In his farewell address after 30 years in the U.S. Senate, Arlen Specter repeated his call for legislation requiring the U.S. Supreme Court to invite television cameras in.
"Congress could at least require televising the court proceedings to provide some transparency to inform the public about how the court is the final word on the cutting issues of the day in our society," the Pennsylvania Democrat said. "[The late Justice Louis] Brandeis was right that sunlight is the best disinfectant."
Good for Specter. He's absolutely right. It's ludicrous that the Supreme Court won't allow cameras in its own courtroom.
Last time I checked, the Supreme Court was part of the federal government. As such, it should be subject to the same scrutiny as the other branches of government.
What's more, nobody is talking about filming the justices' behind-closed-doors deliberations. The cameras would be aimed at the court's oral arguments, which already are open to the public.
Putting TV cameras in the high court has long been a major objective for Specter, and he clearly was disappointed that he was unsuccessful in his efforts to push through a law to make it happen. C-SPAN founder and CEO Brian Lamb also has long pushed for permission to televise the proceedings, but his approach has been to try to get the justices to invite the sunshine in voluntarily.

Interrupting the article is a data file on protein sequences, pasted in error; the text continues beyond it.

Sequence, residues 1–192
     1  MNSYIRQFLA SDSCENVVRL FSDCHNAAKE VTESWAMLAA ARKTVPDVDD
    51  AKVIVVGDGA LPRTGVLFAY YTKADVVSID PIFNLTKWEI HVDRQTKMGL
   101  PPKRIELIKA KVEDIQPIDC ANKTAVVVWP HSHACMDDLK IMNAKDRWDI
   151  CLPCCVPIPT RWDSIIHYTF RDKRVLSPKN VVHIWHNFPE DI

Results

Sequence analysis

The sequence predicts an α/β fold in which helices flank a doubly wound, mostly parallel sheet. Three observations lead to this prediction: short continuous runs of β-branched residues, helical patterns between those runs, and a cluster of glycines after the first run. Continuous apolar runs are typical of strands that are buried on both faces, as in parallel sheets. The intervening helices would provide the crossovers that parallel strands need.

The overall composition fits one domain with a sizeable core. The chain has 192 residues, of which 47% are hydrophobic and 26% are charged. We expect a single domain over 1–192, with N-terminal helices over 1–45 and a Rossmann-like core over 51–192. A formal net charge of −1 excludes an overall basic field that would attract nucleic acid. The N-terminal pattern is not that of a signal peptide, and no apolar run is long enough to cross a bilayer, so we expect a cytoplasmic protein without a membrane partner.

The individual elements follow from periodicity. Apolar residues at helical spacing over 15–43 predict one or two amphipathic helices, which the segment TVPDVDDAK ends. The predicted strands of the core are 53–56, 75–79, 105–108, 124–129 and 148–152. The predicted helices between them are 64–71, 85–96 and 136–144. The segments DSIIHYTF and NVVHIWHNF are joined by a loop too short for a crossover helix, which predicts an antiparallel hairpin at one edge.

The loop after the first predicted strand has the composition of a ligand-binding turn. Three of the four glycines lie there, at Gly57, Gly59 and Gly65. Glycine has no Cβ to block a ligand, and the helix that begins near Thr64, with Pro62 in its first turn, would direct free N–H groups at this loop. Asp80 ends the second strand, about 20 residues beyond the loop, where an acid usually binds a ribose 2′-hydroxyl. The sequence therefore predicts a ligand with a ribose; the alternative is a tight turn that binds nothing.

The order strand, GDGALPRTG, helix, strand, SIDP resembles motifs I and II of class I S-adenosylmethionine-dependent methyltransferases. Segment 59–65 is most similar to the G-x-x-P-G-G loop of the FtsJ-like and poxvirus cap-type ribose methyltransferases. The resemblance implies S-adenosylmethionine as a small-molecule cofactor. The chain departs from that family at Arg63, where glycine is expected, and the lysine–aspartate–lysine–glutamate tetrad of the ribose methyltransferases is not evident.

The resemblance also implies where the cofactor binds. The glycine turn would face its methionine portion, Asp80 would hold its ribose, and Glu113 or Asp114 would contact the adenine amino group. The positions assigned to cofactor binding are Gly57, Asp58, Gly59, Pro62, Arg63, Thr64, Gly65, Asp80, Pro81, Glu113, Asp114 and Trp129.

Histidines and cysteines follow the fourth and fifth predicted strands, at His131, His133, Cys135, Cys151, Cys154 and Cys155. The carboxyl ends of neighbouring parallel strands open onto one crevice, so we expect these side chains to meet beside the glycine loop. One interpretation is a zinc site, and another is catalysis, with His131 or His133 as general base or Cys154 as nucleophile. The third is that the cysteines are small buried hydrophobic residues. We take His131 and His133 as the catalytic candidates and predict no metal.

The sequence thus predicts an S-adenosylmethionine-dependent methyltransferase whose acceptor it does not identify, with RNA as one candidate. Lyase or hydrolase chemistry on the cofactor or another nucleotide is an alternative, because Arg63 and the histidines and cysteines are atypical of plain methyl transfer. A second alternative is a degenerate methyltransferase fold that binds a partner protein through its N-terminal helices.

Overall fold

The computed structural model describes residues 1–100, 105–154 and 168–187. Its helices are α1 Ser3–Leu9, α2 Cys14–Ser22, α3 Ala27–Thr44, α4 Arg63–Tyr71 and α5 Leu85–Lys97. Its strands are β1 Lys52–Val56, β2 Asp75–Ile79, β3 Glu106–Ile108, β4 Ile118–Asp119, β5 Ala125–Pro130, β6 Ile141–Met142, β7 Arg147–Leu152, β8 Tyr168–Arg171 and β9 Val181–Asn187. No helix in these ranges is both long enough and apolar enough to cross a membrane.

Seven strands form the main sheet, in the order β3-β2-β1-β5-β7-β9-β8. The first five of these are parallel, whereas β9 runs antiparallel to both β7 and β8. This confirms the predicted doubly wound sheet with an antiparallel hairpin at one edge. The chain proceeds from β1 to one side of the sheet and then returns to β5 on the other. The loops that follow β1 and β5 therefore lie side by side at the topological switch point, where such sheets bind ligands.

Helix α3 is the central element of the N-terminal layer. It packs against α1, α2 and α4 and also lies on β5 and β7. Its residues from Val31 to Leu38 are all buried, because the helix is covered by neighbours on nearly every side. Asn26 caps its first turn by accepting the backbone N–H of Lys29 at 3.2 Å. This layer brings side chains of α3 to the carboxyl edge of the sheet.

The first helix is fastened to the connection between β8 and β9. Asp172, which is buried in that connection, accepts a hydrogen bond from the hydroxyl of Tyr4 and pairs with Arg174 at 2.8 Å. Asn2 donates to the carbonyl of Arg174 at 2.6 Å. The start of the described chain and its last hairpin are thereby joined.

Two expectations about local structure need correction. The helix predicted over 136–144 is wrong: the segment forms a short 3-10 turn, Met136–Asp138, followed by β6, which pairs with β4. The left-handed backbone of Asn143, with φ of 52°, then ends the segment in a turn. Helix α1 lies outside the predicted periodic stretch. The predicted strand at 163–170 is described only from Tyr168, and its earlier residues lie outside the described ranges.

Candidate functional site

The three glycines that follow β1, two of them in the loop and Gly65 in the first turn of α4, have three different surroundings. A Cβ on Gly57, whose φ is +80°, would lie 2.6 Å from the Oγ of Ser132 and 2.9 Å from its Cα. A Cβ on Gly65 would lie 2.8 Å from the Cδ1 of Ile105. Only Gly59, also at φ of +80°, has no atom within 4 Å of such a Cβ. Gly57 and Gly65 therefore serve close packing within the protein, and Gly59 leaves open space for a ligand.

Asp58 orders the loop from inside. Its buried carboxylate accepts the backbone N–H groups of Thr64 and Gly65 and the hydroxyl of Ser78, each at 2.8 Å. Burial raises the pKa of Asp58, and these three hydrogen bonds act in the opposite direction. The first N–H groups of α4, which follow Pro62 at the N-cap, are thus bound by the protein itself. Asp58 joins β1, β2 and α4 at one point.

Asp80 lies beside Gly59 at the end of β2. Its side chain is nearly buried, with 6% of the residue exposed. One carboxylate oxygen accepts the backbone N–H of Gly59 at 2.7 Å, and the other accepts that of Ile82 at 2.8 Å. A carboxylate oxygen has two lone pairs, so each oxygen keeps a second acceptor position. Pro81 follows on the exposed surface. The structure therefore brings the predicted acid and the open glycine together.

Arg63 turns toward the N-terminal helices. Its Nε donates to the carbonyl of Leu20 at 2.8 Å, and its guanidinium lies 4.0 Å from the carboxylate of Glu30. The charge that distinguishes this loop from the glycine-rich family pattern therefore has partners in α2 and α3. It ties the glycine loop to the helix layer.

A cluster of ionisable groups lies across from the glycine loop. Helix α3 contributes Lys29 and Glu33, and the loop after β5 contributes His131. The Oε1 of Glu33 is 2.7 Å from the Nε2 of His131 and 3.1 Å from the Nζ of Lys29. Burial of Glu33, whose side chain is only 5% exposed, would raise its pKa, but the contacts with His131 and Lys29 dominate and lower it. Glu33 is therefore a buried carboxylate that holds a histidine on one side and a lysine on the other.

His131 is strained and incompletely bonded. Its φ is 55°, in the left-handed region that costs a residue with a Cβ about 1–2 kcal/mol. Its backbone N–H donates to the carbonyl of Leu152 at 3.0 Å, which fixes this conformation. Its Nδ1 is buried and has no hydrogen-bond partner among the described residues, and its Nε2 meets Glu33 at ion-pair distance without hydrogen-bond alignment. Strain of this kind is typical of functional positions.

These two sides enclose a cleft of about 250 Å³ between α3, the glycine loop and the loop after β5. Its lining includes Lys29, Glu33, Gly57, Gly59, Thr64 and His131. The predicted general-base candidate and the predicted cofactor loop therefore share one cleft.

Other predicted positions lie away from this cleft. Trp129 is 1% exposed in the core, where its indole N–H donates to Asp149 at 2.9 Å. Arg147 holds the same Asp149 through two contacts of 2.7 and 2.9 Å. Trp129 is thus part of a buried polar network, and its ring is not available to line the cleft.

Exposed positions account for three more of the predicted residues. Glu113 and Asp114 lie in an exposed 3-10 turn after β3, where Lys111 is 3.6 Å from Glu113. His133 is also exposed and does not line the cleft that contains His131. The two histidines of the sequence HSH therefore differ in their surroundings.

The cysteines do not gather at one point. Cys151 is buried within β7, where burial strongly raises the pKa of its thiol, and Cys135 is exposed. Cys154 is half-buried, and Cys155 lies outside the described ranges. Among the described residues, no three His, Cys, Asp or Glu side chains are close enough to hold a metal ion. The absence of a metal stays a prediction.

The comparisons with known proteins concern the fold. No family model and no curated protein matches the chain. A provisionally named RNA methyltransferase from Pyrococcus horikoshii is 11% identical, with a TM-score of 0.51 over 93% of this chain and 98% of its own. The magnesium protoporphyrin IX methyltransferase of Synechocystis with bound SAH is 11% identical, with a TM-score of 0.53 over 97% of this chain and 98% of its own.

Good luck with that.
No doubt that would be a much cleaner approach. It wouldn't raise any separation of powers questions. But the justices thus far have fiercely resisted all calls for ending the blackout.
There are two major arguments against cameras in the court. One is that televising the proceedings would encourage lawyers to play to the camera, to showboat. Second, clips might be taken out of context and broadcast in a misleading way on the nation's newscasts.
While the notion of lawyers indulging in pyrotechnics is not unheard of, I'm not sure that's necessarily the approach to take in trying to win over the Supremes, cameras or no cameras. Seems to me that would be more likely to alienate the justices than to persuade them. Not even the late Johnnie Cochran would have wanted to do that.
As for the risk of spurious sound bites, of course that could happen. Just as it could, and does, in coverage of presidential press conferences and congressional debates and everything else that goes on TV.
But the risk of flawed journalism is the price we pay for having a free press. Why should the justices be permitted to opt out? They are Supreme Court justices, not Supreme Beings.
But change may be on the way. The two newest justices, Sonia Sotomayor and Elena Kagan, indicated they would support cameras in the high court when asked about the issue during their confirmation hearings.
And Justice David Souter, who in 1996 proclaimed that any TV camera that showed up would have to "roll over my dead body," has retired.
Let's hope that the justices come to their senses and move in the direction of transparency, sooner rather than later.